We're deep into the new thriller Edge of Darkness. People are dying violently every few minutes; conspiracy theories are sprouting like kudzu. And Mel Gibson, as a Boston cop trying to find his daughter's killers, tells somebody it's the moment of truth. "You had better decide," he says, "whether you're hangin' on the cross or bangin' in the nails." Ouch. It's a reminder that Gibson, the movie star, is also Gibson, the director of the polarizing religious epic The Passion of the Christ, in which his one onscreen appearance showed him driving the first nail into Jesus' palm.
In the three decades since Gibson first cruised the postapocalyptic outback as Mad Max, he's forged a wayward career as one of Hollywood's top moneymakers. He fronted a couple of burly action-film franchises (three splendid Mad Max movies; four shoddy, popular Lethal Weapons). Ten of his films earned more than $100 million from 1989 to 2002, back when that was real money. His Scots epic Braveheart won him Oscars for Best Picture and Best Director. That was just Gibson's second film as director; his third, The Passion of the Christ, in 2004, was the all-time top-grossing film in both the R-rated and foreign-language (Aramaic, if you recall) categories.
Passion also made Gibson something of a pariah in Hollywood for what was perceived as the film's blame-the-Jews sentiment. Gibson denied the charge. Two years later, he was stopped for drunk driving; his arrest report states that "Gibson yelled out, 'The Jews are responsible for all the wars in the world.' Gibson then asked, 'Are you a Jew?'" The officer was Jewish.
Gibson got into an oddly similar tangle recently with Sam Rubin, an entertainment reporter for the Los Angeles TV station KTLA. Rubin suggested to Gibson that some people think he should not have returned to acting "because of ... the remarks that were attributed to you." Not raising his voice, but leaning in toward Rubin, Gibson said, "That were attributed to me. That I didn't necessarily make. O.K.? But and I gather you have a dog in this fight ... You have a dog in this fight? Or are you being impartial?" The implication was that if his interrogator was Jewish, he must have been trying to nail Gibson. Rubin is Jewish.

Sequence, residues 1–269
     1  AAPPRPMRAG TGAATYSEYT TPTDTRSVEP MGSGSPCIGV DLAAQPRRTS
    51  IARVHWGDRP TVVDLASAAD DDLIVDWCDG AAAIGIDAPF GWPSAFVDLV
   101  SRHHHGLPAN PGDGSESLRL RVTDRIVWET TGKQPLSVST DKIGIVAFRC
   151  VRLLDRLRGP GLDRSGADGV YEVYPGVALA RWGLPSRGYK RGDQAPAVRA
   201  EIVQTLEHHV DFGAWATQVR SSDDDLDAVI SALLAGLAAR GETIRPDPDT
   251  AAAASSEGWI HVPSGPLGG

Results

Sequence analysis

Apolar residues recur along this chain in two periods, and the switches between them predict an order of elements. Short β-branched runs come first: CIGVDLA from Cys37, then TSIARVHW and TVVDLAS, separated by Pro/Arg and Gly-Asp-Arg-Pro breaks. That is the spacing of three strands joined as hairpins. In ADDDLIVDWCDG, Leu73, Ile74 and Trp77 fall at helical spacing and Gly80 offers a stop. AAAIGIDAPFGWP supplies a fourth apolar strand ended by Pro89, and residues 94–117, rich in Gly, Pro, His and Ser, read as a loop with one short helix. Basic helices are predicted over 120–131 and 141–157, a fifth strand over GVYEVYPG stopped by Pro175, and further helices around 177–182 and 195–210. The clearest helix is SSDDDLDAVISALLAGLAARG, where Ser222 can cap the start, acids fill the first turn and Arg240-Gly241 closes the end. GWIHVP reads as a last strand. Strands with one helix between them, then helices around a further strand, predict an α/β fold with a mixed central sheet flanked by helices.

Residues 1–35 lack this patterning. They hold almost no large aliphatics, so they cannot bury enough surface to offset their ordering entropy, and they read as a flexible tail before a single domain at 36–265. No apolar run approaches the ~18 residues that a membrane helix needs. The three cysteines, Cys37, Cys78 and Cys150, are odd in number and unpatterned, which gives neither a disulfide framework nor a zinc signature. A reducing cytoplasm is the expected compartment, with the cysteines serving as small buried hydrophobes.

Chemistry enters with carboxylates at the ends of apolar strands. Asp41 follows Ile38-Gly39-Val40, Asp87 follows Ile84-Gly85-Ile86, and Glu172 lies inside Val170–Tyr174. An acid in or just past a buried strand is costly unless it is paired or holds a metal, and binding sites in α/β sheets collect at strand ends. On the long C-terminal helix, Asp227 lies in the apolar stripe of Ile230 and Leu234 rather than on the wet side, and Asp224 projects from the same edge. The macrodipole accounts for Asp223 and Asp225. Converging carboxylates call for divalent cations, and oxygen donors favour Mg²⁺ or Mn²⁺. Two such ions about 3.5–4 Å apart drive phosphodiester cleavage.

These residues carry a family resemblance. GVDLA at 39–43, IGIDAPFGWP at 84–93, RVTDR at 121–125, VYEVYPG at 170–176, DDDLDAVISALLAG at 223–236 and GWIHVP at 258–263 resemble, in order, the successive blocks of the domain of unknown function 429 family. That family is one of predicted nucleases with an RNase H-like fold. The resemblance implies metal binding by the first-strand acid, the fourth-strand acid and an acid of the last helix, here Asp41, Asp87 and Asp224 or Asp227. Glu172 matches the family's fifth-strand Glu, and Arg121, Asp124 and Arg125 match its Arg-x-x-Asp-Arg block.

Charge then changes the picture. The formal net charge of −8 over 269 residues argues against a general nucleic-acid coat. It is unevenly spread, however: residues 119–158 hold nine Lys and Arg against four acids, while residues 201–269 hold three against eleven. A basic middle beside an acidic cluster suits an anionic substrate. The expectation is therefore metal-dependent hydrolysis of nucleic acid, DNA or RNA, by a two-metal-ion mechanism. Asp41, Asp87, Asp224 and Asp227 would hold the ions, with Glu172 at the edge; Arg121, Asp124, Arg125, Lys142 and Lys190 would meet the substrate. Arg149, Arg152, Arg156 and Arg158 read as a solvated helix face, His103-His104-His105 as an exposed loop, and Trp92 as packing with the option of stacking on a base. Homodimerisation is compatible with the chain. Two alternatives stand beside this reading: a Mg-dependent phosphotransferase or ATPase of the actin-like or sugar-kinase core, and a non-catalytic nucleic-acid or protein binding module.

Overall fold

Aside from Mel's Jewish problem, he has the sizable challenge of rekindling his star wattage after being absent from leading roles since Signs in 2002. Edge of Darkness might seem just the vehicle for that mission. Based on an acclaimed BBC miniseries from 1985, with the same director at the helm (Martin Campbell, who with Casino Royale rebooted the James Bond franchise) and with William Monahan, the Oscar-winning screenwriter of The Departed, working on the script, it focuses on a familiar Gibson character: the haunted hero who solves problems by killing people.
In modern movies, when a father and daughter are shown in an affectionate relationship, you know one of them has to die. Thomas Craven, the cop, is walking into his house with his 24-year-old daughter Emma (Bojana Novakovic) when she is gunned down. The official suspicion is that Craven was the target, but he soon learns that she had been engaged in antinuclear espionage at Northmoor, a nearby plant run by the usual oily CEO (Danny Huston). In streamlining the original show's cast of malefactors, which included British and U.S. corporations and intelligence agencies, trade unions and the IRA, the movie reduces the story from a panoramic conspiracy to another one-guy-against-the-system thriller, and Edge loses its political edge.
Gibson, who has always been an undervalued actor, does a sturdy job as a grieving dad who still engages in conversations with his dead child; it's almost a letdown when he puts aside his mourning sickness and spirals into melodrama. At 54, Gibson is aging interestingly, with severe creases and sagging flesh. You look at him and think, This guy should play Nixon another complex man of significant achievement with a debilitating belief that his enemies were bangin' nails into him.